Now they don’t have every single model ever made because that would be ridiculous. The person is obviously a machine-o-phile, but that doesn’t make him like omniscient as well. So if you don’t find your model, don’t worry. Try looking for another model of the same era by the same manufacturer, and there are pictures on the covers of these models of these manuals of all the different models, so just kind of click through until you find a model that looks very similar to yours. It’s not a perfect solution, but it’s definitely better than having no idea what’s going on. And for the most part, a lot of the mechanics are gonna work the same. So just kind of keep that in mind.
 
OK, guys, now it’s time to outfit your sewing machine. I suggest getting a universal Presser Foot kit. This is why a snap on foot is so important to look for when you’re purchasing your machine. A snap on foot fits any snap on machine 90% of the time. I mean, there’s always that one outlier, but it’s really a game changer when you can purchase a brand new universal kit. It is so much easier than trying to hunt for a specific presser foot for a specific machine that hasn’t been in production for over 50 years. It’s going to be difficult to find, and it’s going to be super expensive, so definitely keep that in mind. I actually have found a pretty good kit of 15 universal snap on sewing machine sewing machine presser feet that included a walking foot quarter inch seem like you name it. It had it. And I want to say it was like, 25 or 30 bucks. I will link to it in the show notes of this episode so that you’re able to head over there and check it out. The show notes are at themodernquilterscircle.com/episode-5. So I will have that resource for you. Now if you don’t want to get a complete kit, I suggest buying a walking foot and 1/4 inch presser foot and you can get that quarter inch presser foot either with or without the edge guide. Um, some presser fee are just not going to be useful for your older machines. You know, if you want to do buttonholes, you’re probably going to have to use a different machine or hand stitch that buttonhole. It just doesn’t have the functionality for it. So you don’t need a buttonhole foot. Same thing goes with free motion quilting. For a lot of these machines, you can drop the feed dogs, but for a lot of them, you can’t. So even though you would love to free motion quilt, you probably won’t be able to do it with your machine, so kind of keep that in mind. Think of those kind of things because this is an era where some of these options are right on the cusp so you can find some higher end machines that do some of these things. But for the most part, it’s not gonna have the ability.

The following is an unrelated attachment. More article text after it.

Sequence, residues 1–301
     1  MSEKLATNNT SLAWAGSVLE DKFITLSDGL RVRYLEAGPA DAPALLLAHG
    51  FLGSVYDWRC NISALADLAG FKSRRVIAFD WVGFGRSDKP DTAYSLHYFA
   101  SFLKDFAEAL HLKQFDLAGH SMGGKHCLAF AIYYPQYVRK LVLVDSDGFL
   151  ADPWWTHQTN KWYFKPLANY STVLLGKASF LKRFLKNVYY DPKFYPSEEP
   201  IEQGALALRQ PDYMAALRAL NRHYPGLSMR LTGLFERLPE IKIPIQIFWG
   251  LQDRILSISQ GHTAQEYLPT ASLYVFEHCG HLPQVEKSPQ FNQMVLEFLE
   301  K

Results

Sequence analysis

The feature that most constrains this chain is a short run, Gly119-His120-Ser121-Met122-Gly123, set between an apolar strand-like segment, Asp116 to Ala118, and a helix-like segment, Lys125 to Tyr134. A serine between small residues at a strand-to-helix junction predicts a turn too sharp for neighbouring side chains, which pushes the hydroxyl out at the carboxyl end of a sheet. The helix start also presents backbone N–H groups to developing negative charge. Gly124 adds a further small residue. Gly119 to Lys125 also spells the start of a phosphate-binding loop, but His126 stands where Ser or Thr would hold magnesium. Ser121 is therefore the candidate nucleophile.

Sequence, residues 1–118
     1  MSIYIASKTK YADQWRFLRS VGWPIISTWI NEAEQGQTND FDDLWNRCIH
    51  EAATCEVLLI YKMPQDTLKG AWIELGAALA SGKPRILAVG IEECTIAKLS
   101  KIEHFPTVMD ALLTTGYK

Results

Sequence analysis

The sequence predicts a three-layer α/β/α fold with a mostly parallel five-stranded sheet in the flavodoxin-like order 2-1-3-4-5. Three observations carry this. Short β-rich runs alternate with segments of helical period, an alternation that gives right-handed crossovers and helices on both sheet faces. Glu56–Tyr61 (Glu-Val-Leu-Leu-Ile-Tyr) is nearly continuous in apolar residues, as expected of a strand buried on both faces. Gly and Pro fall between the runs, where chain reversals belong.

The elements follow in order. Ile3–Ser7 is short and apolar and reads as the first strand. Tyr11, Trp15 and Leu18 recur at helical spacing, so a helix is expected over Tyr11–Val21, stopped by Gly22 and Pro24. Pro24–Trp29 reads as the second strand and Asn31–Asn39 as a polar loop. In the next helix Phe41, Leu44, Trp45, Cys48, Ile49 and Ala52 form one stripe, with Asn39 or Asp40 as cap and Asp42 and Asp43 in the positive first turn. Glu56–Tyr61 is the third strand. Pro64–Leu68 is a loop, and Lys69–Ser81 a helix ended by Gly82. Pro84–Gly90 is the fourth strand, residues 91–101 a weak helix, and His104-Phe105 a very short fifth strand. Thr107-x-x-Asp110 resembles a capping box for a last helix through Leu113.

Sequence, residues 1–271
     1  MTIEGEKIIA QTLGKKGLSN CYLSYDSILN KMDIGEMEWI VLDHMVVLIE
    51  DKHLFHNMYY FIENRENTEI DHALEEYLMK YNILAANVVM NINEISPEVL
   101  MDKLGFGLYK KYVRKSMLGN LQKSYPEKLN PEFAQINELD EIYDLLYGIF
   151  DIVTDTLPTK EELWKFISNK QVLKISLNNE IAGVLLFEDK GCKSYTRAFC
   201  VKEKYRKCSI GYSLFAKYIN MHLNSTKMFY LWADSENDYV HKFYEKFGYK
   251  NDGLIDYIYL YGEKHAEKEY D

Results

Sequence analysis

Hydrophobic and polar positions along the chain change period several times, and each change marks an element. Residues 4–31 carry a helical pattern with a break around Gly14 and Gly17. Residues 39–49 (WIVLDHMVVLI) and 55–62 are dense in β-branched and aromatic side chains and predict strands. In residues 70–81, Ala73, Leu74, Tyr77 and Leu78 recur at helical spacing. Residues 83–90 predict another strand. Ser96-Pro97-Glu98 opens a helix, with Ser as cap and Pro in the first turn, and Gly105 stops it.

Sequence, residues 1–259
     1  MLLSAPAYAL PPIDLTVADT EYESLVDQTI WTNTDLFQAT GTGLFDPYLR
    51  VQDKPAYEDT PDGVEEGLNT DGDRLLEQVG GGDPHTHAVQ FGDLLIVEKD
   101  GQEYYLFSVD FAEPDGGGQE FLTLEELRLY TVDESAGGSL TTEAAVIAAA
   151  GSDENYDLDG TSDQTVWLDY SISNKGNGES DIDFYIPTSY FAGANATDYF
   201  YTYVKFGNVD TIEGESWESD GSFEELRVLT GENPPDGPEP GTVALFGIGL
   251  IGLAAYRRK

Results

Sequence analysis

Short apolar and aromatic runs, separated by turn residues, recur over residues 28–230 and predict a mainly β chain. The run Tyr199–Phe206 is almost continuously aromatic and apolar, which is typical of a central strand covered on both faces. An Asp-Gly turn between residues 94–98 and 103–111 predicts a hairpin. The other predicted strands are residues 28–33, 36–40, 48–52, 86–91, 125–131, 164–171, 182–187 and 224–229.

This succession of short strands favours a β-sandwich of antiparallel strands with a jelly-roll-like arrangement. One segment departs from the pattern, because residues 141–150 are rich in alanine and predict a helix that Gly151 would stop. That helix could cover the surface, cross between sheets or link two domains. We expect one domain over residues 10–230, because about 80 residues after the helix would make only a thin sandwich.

I also want you to get a non skid mat. Now a non skid mat is for all of you that buy a machine that doesn’t come with the table. I know when you think of a sewing machine in a table, you have an idea in your head of those like old school singer machines. But sewing machines came in tables all the way through the seventies, so a lot of these machines will come in a table and you could tell a machine that’s supposed to be in a table because it’s got this like, funky kind of base. And quite frankly, a lot of them can’t be used outside of a table. So keep that in mind as well. If you don’t want to keep the table when you’re searching, Um, but anyway, back to the non skid mat. A non skid mat is pretty thin, but it’s ever so slightly cushioned. And what it does does is these. Heavy machines have such powerful motors, and they’re made of metal. And when they really get humming and going, there’s a loud vibration sound. And if when you have it on a hard surface, it sounds like a B-52 is coming to land in your backyard. And so by putting this non skid mat under there, yes, it’s keeping it from skidding. But in reality, what it’s doing is it’s dampening a lot of that sound, So it is crucial if you’re going to be using this. Side note. For those of you using a brand new entry level machine like a Brother or Singer that you get at your local box store, those ones have motors in them. That’s what makes these old machines great, is that they have these metal casings. These big, heavy metal bodies that are just never gonna break Everything is just like, really solidly made. These new machines have these motors in them, which, while they’re still not as great of a motors they’re still, they’re still doing some work, but now they’re in these plastic cases, and because of that, it creates a lot of rattling. So a non skid mat is a great way to help with that loud sound that you’re getting from these entry level machines as well. So if you don’t have one of these vintage machines, but you have one of those entry level machines, I still recommend getting a non skid mat. It might be just the difference you need to keep loving your machine for just a little while longer. So that’s my little blurb on the nonskid mat.